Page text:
Rosemary and Medicine
It’s only recently that medicine and magic have been truly separated – in earlier times the two were indistinguishable.
For example, the 14th century work – On the Virtues of Rosemary – describes how powdered Rosemary flowers can cure a snakebite (medicine) while placing its branches above a door will prevent snakes from entering the building (magic).
For the Roman author, Pliny the Elder (AD 23 –79), Rosemary was something of a cure-all and he recommended it for, among other things: failing eyesight, liver problems, respiratory troubles, jaundice, gout, and the healing of wounds – Rosemary does have genuine antiseptic properties.
His Greek contemporary, the physician, pharmacologist and botanist Pedanius Dioscorides, wrote in De Materia Medica of Rosemary’s ‘warming faculty’.
Around 1000 AD, an earlier Roman herbal from the 5th century – De herbarum virtutibus – was translated into Anglo Saxon. Rosemary is included as a medicinal plant without any hint of magic – blended with lard it could treat fresh wounds while its juice would soothe toothache and itch. This inclusion is particularly interesting as Rosemary is not known to have been grown in England before 1338 when cuttings were sent by Jeanne of Valois to the wife of Edward III (see Part 1 of this blog) and planted in the garden of the old palace of Westminster.
Rosemary features in most – possibly all – subsequent English herbals, including Blanckes’ Herbal (c. 1525), the first to be printed in England:
“Boyle the leves in whyte wyne and wasshe thy face therwith and thou shalt have a fayre face.”
He also suggests that a simple Rosemary tea is
“For much worth against all evils of the body”.
“If thy legs be blown with the gout, boil the leaves (rosemary) in water and then take the leaves and bind them in a linen cloth about thy legs, and it shall do much good.”
Gervase Markham wrote in his English Housewife (1615):
“Rosemary water: the face washed therein both morning and night causeth a fair and clear contenance…when one maketh a bath of this decoction, it is called the bath of life , the same drunk comforteth the heart, the brain, and the whole body, and cleanseth away the spots of the face; it maketh a man look young.”
England’s most famous herbalist – Nicholas Culpepper – was equally impressed by Rosemary. In his Pharmacopeia Londoniensis (1653) he wrote:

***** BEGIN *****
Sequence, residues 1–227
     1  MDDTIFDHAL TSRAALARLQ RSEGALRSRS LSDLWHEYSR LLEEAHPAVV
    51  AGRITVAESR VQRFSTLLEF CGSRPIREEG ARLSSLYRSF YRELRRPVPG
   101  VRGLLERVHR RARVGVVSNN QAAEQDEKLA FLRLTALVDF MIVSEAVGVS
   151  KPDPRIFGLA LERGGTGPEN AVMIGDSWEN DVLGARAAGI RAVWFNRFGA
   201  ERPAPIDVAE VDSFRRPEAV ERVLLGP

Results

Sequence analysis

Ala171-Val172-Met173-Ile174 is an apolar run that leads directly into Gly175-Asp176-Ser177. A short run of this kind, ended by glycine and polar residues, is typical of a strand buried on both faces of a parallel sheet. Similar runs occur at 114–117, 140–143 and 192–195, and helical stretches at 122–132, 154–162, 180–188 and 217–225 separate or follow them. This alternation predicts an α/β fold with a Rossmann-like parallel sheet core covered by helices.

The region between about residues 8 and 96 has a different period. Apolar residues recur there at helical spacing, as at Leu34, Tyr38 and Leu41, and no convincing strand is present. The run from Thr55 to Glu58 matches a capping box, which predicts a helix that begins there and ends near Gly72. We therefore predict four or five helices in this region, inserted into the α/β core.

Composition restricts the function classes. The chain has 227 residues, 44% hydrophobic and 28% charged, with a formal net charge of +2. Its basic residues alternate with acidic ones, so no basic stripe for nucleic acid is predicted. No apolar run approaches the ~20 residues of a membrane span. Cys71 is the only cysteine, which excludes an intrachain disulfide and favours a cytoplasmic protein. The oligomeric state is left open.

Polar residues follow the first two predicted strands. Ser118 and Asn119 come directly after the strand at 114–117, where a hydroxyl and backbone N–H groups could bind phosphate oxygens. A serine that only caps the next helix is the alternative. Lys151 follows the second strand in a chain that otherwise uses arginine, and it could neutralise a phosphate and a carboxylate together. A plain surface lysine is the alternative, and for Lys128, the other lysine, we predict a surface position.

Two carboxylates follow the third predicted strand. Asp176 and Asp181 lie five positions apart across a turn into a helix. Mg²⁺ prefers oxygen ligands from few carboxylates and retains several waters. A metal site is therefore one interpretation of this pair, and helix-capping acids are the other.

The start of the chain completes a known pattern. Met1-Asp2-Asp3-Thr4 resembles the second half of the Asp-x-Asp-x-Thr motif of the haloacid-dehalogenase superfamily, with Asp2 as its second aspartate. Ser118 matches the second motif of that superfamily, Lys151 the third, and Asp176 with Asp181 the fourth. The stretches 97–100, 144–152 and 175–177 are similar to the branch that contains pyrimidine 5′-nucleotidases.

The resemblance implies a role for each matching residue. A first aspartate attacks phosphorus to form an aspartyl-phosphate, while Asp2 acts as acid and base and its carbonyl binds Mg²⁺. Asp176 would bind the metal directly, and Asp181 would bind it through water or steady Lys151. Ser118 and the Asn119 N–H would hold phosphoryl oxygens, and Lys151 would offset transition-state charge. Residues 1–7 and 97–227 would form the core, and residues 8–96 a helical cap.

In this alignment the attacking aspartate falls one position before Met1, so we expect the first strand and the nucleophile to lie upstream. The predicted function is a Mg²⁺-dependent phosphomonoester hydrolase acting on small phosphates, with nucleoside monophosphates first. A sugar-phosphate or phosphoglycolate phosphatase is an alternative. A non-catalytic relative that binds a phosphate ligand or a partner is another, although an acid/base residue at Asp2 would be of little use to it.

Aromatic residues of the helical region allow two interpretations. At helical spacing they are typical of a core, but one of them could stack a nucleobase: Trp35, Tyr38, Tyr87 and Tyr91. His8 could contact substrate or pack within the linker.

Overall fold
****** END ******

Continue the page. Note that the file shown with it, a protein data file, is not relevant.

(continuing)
“Rosemary) water is an admirable cure-all remedy of all kinds of cold, loss of memory, headache, coma. It receives and preserves natural heat, restores body function and capabilities, even at late age. There are not that many remedies producing that many good effects.”
The demand for Rosemary had risen exponentially half a century earlier when the plague struck London. By the end of 1603, 38,000 Londoners were dead and the price of Rosemary (believed to be both a cure for and defense against the disease) had rocketed from one shilling for an armful of branches to six shillings for a handful – roughly the same price as you’d have paid for half a dozen fat pigs.
Mrs. Beeton in her Household Management offers a cure for one of medicine’s holy grails – the balding head:
“Mix together equal quantities of olive-oil and spirit of rosemary; a few drops of oil of nutmeg, rub the roots of the hair every night with a little of this liniment, and the growth of it will very soon be sensible.”
However, the most enduring use for Rosemary was Hungary Water – a mixture or distillation of fresh Rosemary tops and spirits of wine, formulated in the late 14th century on the instruction (it is said) of the Queen of Hungary to treat gout, rheumatism and paralyzed limbs. It was both drunk and applied to the skin and soon became popular across Europe both as a medicine and as a fragrance. Its latter use surviving even after Eau de Cologne had been invented in 1709 – Napoleon is recorded as having got through 162 bottles of Rosemary water during the first three months of 1806.
While we can laugh at all this quackery, when it comes to Rosemary our ancestors were at least on the right track as the herb does contain a plethora of biologically active compounds that remain useful in modern medicine.